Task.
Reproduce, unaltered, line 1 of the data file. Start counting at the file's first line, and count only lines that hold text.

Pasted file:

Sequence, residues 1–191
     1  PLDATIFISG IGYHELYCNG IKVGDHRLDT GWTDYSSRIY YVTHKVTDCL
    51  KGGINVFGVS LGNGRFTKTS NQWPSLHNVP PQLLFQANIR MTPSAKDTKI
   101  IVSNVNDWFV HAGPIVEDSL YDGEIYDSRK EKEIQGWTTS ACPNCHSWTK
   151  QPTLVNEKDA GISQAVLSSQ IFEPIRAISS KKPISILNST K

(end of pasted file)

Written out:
Sequence, residues 1–191